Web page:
Paris – New and Old

Today included some of the oldest and newest Paris sites. It started with the new – the Foundation Louis Vuitton.  The building, designed by Frank Gehry, is in the Bois de Boulogne and was completed in 2014.  It is an art museum, but I doubt many people go there for the art.  It’s the building that’s the star.  I was in the galleries for no more than ten minutes, the remainder of my time was spent admiring the architecture and views.

Shaped like a series of wings, there are outdoor terraces and walkways with panoramic views of Paris.  While visiting, there was a thunderstorm followed by bright sunshine, then back to rain. Standing in a covered area listening to torrential rain pound against the roof was an auditory wonder.  When the sun appeared, it was as if I was in an entirely new place.

The videos and exhibits on the construction of the building were compelling—especially a time lapse film showing how work went on through the seasons.  A drone was used to provide views of the building from above, a unique and compelling perspective.

The Metro took us to the Marais neighborhood. This is one of the oldest sections of Paris.  It was fashionable during the time of Henry IV and an area housing nobility. Later is became the city’s Jewish quarter.  Now it is home to hipsters.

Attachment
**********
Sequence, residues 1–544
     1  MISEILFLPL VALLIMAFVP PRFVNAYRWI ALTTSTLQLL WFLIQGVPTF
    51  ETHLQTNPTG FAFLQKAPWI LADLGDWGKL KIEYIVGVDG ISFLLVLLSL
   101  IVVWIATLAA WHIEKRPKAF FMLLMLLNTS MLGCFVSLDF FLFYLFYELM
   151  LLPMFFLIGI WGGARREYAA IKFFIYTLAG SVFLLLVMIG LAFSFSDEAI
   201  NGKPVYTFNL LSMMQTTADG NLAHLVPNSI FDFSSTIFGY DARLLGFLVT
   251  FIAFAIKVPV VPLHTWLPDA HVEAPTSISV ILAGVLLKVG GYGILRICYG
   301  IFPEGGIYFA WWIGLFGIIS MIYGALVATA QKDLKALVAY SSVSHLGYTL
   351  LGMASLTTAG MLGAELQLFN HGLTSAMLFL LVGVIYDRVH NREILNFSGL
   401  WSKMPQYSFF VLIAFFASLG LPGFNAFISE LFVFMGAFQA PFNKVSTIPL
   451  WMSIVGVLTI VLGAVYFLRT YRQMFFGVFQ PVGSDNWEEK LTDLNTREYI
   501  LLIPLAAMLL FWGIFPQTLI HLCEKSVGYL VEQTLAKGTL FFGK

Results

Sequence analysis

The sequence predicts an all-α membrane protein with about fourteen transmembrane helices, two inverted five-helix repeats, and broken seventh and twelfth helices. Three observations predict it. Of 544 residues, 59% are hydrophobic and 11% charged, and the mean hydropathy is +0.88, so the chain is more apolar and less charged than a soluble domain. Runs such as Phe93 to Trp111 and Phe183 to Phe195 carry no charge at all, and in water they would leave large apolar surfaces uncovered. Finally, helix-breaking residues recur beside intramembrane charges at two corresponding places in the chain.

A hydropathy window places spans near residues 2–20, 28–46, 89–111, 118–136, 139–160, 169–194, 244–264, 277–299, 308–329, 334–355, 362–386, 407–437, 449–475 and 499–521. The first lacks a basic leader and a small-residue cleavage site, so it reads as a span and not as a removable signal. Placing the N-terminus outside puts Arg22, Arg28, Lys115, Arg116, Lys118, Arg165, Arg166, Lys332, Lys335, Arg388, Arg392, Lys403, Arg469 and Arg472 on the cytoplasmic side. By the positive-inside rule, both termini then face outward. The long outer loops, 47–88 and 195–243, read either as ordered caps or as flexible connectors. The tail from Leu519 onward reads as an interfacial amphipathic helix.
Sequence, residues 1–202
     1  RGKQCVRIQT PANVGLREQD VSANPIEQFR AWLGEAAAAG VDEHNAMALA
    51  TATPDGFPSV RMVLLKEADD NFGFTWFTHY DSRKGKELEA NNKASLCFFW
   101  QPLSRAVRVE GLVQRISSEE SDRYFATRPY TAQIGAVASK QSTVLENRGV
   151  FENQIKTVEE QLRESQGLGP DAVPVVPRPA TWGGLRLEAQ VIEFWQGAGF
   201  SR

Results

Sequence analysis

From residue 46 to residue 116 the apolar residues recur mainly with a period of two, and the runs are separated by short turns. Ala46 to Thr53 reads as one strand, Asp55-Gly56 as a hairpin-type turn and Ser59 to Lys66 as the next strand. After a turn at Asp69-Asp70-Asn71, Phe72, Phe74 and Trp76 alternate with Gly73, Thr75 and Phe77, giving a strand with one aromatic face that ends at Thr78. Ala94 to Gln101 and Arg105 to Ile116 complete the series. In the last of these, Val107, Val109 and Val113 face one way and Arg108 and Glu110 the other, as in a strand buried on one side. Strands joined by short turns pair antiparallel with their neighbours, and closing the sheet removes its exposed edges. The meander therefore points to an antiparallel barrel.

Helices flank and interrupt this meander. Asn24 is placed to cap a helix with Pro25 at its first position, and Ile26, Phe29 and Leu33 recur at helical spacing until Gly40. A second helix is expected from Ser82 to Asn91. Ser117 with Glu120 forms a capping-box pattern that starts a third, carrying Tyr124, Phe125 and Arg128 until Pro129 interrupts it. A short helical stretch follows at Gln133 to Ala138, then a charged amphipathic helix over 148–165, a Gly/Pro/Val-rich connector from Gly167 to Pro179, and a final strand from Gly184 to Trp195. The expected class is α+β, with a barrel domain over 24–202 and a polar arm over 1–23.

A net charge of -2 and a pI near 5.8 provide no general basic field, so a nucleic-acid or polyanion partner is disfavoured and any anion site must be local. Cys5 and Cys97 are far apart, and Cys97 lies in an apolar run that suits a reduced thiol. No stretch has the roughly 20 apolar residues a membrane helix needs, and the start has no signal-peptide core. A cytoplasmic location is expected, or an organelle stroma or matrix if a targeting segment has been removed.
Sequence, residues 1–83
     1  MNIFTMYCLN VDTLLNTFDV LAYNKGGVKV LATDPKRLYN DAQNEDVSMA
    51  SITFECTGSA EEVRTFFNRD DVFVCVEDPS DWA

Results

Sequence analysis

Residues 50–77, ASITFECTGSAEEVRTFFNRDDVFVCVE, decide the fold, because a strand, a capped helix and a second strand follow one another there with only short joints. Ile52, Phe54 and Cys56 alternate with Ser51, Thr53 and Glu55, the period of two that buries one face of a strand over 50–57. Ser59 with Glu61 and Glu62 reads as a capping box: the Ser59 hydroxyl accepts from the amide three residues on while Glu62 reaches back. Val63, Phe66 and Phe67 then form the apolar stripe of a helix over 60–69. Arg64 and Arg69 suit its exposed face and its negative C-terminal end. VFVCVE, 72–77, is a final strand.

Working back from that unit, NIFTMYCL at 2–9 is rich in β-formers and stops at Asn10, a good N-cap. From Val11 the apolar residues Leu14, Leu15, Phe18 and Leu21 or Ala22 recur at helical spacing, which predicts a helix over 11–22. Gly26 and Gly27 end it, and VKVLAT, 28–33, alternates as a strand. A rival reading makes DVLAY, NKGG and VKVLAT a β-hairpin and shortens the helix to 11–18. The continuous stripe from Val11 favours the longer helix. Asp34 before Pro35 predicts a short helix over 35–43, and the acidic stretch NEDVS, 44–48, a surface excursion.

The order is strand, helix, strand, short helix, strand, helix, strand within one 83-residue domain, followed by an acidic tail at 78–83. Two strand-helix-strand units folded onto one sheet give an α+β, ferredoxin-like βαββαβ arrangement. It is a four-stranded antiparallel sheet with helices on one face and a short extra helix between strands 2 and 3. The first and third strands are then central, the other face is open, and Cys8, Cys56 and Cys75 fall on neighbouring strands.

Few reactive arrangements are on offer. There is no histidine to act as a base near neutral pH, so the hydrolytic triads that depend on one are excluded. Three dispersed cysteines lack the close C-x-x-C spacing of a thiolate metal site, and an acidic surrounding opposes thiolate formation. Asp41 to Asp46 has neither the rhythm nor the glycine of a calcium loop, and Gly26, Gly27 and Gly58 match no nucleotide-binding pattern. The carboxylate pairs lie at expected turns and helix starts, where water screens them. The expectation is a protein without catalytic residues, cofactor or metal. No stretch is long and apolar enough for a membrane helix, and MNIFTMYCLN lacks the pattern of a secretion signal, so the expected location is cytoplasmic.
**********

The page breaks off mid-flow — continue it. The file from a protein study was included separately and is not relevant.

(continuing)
Lunch was in a brasserie facing the elegant St. Paul’s church. From there it was a short walk through narrow, winding streets to the Carnavalet Museum.  The streets were filled with boutiques, wine bars, restaurants of every cuisine imaginable, and buildings with elaborate facades. The museum, which tells the history of Paris, is a gem. Had I not been exhausted by that point I could have spent more time there.  Next trip, I’ll return.

It was time for a drink. Another short walk over to Place des Vosges, the oldest planned square in Paris.  Victor Hugo wrote Les Misérables while living in one of the buildings facing the park.

Thank you, Google Maps, for suggesting the #96 bus.  It took us from Place des Vosges to one block from our hotel.  It passed City Hall, Notre Dame and was a breeze. Dinner at a local restaurant a five-minute walk from the hotel—that was about all that seemed possible.  As with most restaurants in Paris, the wine and food were great.